From the monthly archives: "May 2005"

not sure what kind of bug this is(pic enclosed)
I Live in Charlotte, NC and last night (5/09/05) my wife heard a thump outside our bedroom window, I looked and saw what appeared to be a bat, this was about 10"ish. This morning we noticed it was still out on the wall so I took some pictures. Enclosed find a picture, this was taken about twenty feet away from the insect. I asked a few people down here and no one knows what this bug is. It is freaken huge for a bug.
George Doscher

Hi George,
While 10 inches is a gross exageration, Luna Moths, what many consider the most beautiful native insect, can grow to almost 6 inches across. Thanks for the image. There is a new television commercial for a sleep aid that features the Luna Moth.

Thanks Dan,
Been looking it up now thru usgs web site, a friend called me and stated that he had one on his screen and it freaked him out….. as well…. I have been living here for like five years never seen them before…asked a few people here and no one knew what it was. By the by you have a cool web site…

Strange Beetle(?)
I found this beetle? on my driveway this afternoon. He’s about 2 inches long, pretty thick fast and strong(for a bug). He’s got paw like diggers in the front, two long feeler like appendages coming off the rear end and a very interesting cape on the back with patterned stripes in tan which tapers out to a long slim tailin the back. I would be very interested in finding out about him. I have never seen an insect like this before.
Howard Blum
Stamford CT

Hi Howard,
Your insect is not a beetle, but a Mole Cricket. They live underground and use those claws to dig. They are also capable of flying. Yours is the second letter this week requesting an identification for this interesting insect.

Mr. Bugman,
What a great site! I’ve had this bug in my house that I’ve never figured out. I finally ran into your site and found it! From your reply to another person, it is a house centipede. Sadly to say, the bug did not live over a day in an open container. It seemed like it was frozen the way it died; everything was stiff. I know you have tons of pictures already, but here’s a couple more when the bug was still alive. Anwyays..keep up the awesome work on your site.
Herbie – Tracy, California

Thanks for the new image Herbie. Because images and letters on our homepage are time sensitive, we always like getting new images of common critters so they will be prominently located at the top of our homepage where visitors with attention deficit syndrome can easily locate them without scrolling too far.

I was wondering what the bug showed in the pictures is called. We found it on a nettle (Palude Brabbia Inarzo – Varese – Italy) Thanks a lot,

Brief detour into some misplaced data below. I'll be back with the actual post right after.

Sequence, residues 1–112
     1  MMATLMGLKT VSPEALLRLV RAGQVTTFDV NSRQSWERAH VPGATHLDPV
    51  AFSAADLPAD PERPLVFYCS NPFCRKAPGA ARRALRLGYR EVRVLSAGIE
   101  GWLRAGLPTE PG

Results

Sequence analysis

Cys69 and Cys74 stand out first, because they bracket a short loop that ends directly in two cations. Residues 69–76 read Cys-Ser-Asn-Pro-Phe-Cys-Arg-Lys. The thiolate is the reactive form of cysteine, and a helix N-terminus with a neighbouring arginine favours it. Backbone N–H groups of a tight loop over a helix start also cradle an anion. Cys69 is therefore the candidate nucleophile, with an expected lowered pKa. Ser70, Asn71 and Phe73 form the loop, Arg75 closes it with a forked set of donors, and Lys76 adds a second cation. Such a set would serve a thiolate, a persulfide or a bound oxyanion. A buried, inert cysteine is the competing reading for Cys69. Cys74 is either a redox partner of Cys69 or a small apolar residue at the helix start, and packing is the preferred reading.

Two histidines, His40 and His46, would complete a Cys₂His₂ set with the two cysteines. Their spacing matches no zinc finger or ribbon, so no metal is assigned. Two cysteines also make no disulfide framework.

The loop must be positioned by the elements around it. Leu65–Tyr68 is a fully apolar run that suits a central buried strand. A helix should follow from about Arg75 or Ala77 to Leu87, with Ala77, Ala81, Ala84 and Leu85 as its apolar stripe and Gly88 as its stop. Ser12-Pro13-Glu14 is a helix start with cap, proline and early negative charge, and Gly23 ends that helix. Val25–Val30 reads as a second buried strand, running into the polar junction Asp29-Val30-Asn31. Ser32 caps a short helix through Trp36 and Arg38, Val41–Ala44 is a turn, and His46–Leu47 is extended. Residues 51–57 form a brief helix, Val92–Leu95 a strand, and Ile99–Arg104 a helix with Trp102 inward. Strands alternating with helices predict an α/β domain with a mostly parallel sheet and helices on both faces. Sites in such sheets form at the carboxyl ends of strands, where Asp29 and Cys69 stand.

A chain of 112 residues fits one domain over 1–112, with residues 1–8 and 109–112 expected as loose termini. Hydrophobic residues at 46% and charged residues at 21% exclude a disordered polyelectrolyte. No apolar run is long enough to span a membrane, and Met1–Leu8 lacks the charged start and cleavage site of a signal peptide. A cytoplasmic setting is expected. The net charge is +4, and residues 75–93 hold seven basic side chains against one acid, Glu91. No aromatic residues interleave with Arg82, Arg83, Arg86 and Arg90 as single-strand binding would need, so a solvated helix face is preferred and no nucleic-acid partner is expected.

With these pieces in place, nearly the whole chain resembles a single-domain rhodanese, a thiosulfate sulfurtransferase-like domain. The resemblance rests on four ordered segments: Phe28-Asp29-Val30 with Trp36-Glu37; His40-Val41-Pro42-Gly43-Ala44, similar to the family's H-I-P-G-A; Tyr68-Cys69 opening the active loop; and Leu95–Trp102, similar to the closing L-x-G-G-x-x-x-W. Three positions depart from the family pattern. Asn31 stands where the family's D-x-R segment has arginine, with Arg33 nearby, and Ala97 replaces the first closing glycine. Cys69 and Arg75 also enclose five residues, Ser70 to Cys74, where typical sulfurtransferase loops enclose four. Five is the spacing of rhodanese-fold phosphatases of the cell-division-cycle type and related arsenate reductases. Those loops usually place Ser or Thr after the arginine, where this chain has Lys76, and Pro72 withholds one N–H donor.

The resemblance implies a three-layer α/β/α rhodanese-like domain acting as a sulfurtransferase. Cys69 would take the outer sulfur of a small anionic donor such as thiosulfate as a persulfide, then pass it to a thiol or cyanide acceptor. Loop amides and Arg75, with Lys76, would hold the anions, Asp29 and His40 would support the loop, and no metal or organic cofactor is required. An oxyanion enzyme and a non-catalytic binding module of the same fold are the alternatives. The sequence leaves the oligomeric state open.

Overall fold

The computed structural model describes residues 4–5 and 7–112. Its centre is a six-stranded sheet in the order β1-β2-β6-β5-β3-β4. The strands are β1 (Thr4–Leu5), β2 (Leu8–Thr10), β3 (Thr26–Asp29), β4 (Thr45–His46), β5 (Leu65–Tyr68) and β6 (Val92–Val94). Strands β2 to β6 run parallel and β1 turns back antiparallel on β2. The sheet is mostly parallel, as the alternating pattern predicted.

Hi Alessandro,
Most butterflies in the genus Vanessa, including Painted Ladies and Red Admirals (or Red Admirables according to Nabokov), have spiny caterpillars that feed on nettles. Your caterpillar is one of the Vanessa species.

Hello –
Came upon your web site trying to locate some information on a cocoon we have hanging in one of our trees. I am sending this picture showing this odd looking form with the hopes you may have some kind of an answer for us. We are hoping that some sort of nice butterfly will emerge, and not some sort of destructive bug. We are located in North Carolina, where we have an array of strange things. Don’t know if this would help, but it is located in a Maple Tree. Any help you could give us would be appreciated.
Thank you for your assistance.
Gerri Francisco

Hi Gerri
You have Bagworms, Thyridopteryx ephemeraeformis, an unnattractive moth that forms the cocoon you pictured while still a caterpillar. It drags around this protective housing while feeding, eventually pupating inside. The males are winged and females winglessand legless. The appendageless female never lays her eggs inside the bag after mating. They are pests.

Can you help identify?
Hi there, I have recently moved from the UK to central Boston and have found several of these flying insects in my city center apartment. Their bodies are generally 0.5 to 0.75 inches long. I am unsure if they are attracted by light or not. Thanks in advance
Mike Hume

Hi Mike,
We wrote to Eric Eaton to properly identify your beetle. He wrote back: “Ok, the beetle is the “Wharf Borer,” Nacerdes melanura. It is in the
family Oedemeridae, the False Blister Beetles.” Adults are usually found on flowers or foilage near water and the larvae live in decaying wood. It is common in woodsheds, cellars and lumberyards. Originally European, it has been spread around the world due to commerce.